World Leprosy Day is observed on the last Sunday of January, each year and this year, it falls on 28 January. The theme for 2018 is ‘Zero Disabilities in Girls and Boys’. By working together and through early case detection, diagnosis and treatment and social inclusion the world can closer to eliminating leprosy. (PAHO)
The World Health Organization (WHO) says national programmes should boost active case-finding, strengthen surveillance, improve contact-tracing and focus more on early detection of leprosy cases among children to ensure achievement of the global target of zero child infection by 2020.
The call comes as the world observes World Leprosy Day (annually, on the last Sunday of January) to mark the suffering of people affected by this preventable and curable disease that has eluded defeat. Leprosy was globally declared to have been “eliminated as a public health problem” 18 years ago.
Elimination of leprosy as public health problem (defined as a registered prevalence of less than 1 case per 10 000 population) was achieved globally in 2000. However, pockets of endemicity have continued in many countries. India and Brazil report the highest number of cases annually.
Leprosy is caused by infection with the bacillus Mycobacterium leprae, which multiplies very slowly in the human body. The bacterium has a long incubation period (on average five years or longer). The disease affects nerve endings and destroys the body’s ability to feel pain and injury.
Data published by WHO in 2017 show that although the overall number of cases is slowly declining, that of new cases does not align with global efforts and resources deployed to interrupt transmission.
Reports from 145 countries of WHO’s six regions show that of the total of 216 108 newly diagnosed cases of leprosy during 2016, 18 472 involved children, representing almost 9% of all new cases reported annually. Leprosy is curable and treatment provided in the early stages averts disability. (WHO)
Based on 173 358 cases at the end of 2016, prevalence rate corresponds to 0.29/10,000.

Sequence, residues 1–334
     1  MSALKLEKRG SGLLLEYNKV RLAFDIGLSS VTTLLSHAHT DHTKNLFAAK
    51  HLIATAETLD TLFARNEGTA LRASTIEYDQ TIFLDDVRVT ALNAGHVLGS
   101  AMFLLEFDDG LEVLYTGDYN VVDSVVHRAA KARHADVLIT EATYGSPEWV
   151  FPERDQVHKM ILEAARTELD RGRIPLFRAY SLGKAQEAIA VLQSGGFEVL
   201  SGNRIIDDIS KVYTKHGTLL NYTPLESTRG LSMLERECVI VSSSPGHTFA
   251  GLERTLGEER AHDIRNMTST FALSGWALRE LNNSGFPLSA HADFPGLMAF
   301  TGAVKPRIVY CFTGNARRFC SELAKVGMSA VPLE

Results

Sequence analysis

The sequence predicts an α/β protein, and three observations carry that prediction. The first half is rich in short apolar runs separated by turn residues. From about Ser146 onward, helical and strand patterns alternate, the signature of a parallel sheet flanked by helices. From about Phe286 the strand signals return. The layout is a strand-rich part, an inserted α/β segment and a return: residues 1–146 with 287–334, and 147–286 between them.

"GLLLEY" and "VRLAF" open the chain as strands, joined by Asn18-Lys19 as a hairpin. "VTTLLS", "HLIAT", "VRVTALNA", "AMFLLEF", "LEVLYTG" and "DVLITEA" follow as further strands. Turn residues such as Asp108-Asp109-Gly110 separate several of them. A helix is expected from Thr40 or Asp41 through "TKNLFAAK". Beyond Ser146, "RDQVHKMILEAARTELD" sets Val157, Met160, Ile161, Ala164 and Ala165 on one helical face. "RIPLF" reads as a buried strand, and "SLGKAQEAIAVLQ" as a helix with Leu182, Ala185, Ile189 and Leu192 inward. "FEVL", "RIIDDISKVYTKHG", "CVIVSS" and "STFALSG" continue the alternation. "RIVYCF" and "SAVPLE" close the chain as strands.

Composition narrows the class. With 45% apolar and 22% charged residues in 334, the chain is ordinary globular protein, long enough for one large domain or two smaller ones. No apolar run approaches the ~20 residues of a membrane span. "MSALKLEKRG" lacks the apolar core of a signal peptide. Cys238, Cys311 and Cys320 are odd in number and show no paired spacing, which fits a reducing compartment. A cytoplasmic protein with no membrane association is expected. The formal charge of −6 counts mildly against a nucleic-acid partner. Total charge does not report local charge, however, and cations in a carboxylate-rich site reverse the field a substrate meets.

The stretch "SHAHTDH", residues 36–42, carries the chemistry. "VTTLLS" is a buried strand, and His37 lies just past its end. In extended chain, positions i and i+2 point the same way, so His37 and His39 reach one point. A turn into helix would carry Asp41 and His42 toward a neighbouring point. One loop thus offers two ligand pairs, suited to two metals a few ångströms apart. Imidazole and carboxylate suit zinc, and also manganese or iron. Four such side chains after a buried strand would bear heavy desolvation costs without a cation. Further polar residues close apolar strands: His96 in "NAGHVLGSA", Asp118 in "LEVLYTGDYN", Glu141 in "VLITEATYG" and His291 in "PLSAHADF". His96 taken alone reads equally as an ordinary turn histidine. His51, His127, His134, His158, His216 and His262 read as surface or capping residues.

In 2016 WHO launched its “Global Leprosy Strategy 2016–2020: Accelerating towards a leprosy-free world” to reinvigorate efforts for leprosy control. The strategy focuses on avoiding disabilities, especially among children.
The Global Leprosy Strategy 2016‒2020 is structured around following 3 core pillars:
Pillar I: Strengthen government ownership, coordination and partnership
- Ensuring political commitment and adequate resources for leprosy programmes.
- Contributing to universal health coverage with a special focus on children, women and underserved populations including migrants and displaced people.
- Promoting partnerships with state and non-state actors and promoting intersectoral collaboration and partnerships at the international and national levels.
- Facilitating and conducting basic and operational research in all aspects of leprosy and maximizing the evidence base to inform policies, strategies and activities.
- Strengthening surveillance and health information systems for programme monitoring and evaluation (including geographical information systems).
Pillar II: Stop leprosy and its complications
- Strengthening patient and community awareness of leprosy.
- Promoting early case detection through active case-finding (such as campaigns) in areas of higher endemicity and contact management.
- Ensuring prompt start of, and adherence to treatment, including working towards improved treatment regimens.
- Improving prevention and management of disabilities.
- Strengthening surveillance for antimicrobial resistance including laboratory network.
- Promoting innovative approaches for training, referrals, and sustaining expertise in leprosy, such as e-health.
- Promoting interventions for the prevention of infection and disease.
Pillar III: Stop discrimination and promote inclusion
- Promoting societal inclusion by addressing all forms of discrimination and stigma.
- Empowering persons affected by leprosy and strengthening their capacity to participate actively in leprosy services.
- Involving communities in action for improvement of leprosy services.
- Promoting coalition-building among persons affected by leprosy and encouraging the integration of these coalitions and/or their members with other community-based organizations.
- Promoting access to social and financial support services, for example to facilitate income generation, for persons affected by leprosy and their families.
- Supporting community-based rehabilitation for people with leprosy-related disabilities.
- Working towards abolishing discriminatory laws and promoting policies facilitating inclusion of persons affected by leprosy.